What do we mean by 'scientific evidence' MINUTES ON...
Byline: DR MIRIAM STOPPARD
I'm always banging on about this so I thought I'd explain why it's important. The only way to find out whether a health treatment works and is safe is to test it.
What do we mean when we say a health treatment 'works'? It means that in scientific tests the treatment has been shown to perform well, i.e. better than a placebo or better than other treatments currently in use.
How can we really judge whether a treatment is safe, and is likely to work? The answer lies with the results of fair tests: evidence. Without evidence, we risk choosing treatments that don't work, or, even worse, that can do us serious harm.
The National Institute for Health and Clinical Excellence (NICE) uses evidence when it draws up guidance for the NHS on use of treatments and care of patients.
Currently, NICE recommends the use of a complementary and alternative treatment in a limited number of instances, including: Alexander Technique for Parkinson's disease; ginger and acupressure for reducing morning sickness and acupuncture and manual therapy, including spinal manipulation, spinal mobilisation and massage for persistent low back pain.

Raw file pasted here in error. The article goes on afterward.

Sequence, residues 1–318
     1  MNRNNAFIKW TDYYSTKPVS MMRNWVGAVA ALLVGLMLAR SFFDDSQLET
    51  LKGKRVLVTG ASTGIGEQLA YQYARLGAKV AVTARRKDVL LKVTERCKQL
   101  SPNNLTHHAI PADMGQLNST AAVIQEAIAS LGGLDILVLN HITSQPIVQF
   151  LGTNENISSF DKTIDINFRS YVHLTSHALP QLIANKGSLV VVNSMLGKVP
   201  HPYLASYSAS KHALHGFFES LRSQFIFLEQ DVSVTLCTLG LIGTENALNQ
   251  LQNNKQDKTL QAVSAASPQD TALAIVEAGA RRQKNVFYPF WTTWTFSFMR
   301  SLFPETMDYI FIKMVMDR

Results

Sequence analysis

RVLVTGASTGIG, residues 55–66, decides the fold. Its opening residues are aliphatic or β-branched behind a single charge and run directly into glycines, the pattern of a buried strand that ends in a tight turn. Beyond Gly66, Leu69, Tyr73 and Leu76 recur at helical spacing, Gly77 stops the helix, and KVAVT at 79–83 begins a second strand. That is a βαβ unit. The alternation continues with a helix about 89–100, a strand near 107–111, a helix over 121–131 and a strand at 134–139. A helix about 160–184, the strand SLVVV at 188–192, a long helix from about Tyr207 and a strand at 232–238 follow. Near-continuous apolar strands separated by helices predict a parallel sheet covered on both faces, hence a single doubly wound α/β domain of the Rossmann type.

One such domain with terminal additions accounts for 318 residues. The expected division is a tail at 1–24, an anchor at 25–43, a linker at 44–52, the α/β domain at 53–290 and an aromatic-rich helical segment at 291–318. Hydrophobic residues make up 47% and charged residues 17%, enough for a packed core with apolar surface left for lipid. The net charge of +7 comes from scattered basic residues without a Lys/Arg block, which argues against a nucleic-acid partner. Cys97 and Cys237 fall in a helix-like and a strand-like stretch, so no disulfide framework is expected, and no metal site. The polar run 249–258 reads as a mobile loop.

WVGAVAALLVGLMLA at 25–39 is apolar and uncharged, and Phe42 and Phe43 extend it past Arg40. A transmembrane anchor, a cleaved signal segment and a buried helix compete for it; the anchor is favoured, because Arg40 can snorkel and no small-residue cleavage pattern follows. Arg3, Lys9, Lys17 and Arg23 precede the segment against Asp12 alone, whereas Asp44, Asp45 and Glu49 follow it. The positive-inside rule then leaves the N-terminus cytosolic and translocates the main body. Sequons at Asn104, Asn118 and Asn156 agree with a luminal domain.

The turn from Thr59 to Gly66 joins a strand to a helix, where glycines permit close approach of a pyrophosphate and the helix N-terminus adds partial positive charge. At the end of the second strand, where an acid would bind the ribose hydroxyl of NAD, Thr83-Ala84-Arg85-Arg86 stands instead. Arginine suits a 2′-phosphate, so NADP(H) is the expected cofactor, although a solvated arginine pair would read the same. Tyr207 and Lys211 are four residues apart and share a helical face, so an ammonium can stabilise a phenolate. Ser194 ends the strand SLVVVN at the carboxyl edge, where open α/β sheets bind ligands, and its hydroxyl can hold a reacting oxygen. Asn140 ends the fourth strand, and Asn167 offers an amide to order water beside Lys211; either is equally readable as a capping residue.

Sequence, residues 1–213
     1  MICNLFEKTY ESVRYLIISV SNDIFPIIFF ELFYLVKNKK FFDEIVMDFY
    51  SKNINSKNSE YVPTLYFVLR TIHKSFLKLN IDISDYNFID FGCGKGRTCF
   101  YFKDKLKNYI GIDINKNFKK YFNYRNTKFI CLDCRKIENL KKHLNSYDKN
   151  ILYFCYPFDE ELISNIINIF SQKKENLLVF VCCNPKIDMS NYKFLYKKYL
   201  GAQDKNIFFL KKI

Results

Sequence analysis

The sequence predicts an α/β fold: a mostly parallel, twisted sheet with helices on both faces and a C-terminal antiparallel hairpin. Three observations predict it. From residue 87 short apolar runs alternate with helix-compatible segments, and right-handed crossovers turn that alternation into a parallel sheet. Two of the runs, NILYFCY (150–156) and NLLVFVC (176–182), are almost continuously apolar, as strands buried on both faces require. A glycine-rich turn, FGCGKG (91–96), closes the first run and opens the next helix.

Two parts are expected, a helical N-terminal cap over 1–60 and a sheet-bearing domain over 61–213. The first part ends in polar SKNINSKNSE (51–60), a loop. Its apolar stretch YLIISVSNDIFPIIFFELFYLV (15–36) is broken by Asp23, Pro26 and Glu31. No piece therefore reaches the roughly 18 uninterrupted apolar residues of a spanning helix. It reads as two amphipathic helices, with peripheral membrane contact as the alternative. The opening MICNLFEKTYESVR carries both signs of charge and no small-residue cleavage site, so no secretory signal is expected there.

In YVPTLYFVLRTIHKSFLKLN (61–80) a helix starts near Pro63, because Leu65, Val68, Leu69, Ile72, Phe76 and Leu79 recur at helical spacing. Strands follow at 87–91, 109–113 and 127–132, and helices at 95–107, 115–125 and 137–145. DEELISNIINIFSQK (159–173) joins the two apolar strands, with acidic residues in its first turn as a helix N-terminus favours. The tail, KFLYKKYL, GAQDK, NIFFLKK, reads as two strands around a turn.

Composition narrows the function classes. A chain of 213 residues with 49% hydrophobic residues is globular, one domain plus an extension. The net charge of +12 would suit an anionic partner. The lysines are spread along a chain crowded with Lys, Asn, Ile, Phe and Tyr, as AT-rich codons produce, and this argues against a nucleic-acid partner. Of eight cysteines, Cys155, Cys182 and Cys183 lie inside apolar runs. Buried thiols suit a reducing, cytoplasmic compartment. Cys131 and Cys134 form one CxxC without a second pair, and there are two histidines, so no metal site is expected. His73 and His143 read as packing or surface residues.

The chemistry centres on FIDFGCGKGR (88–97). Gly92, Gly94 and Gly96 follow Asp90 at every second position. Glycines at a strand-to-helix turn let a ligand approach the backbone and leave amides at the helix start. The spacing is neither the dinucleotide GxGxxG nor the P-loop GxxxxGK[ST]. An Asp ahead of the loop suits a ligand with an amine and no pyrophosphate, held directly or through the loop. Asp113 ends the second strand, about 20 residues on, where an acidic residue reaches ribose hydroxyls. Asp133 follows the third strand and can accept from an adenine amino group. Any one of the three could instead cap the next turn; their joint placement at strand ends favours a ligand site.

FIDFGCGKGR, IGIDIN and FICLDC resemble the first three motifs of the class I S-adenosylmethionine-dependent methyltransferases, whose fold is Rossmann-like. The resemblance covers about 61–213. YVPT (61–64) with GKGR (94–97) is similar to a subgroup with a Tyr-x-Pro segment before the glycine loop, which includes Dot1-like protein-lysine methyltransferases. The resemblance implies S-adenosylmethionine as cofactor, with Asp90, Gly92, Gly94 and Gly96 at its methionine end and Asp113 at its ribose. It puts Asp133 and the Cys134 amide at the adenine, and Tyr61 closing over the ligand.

The best way to produce good evidence on a health treatment is to conduct a test. Here, the medicine or treatment is compared to another treatment or placebo.
Tests are made as fair as possible meaning that the results of the test will reflect, as far as possible, the truth about the medicine or treatment, and won't be influenced by other factors.
Scientists often call these tests 'clinical trials'. The results of tests can provide: Results that show that the medicine or treatment does work, and is safe. This is called positive evidence.
Results that show that the medicine doesn't work, or is unsafe. This is called negative evidence.